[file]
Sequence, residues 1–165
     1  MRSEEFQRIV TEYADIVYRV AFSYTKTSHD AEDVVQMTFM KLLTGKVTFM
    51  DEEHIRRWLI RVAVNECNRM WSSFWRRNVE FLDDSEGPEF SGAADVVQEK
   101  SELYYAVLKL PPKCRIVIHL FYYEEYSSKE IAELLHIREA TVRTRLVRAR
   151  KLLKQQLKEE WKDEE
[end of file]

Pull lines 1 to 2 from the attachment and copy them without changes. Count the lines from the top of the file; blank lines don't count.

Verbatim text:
Sequence, residues 1–165
     1  MRSEEFQRIV TEYADIVYRV AFSYTKTSHD AEDVVQMTFM KLLTGKVTFM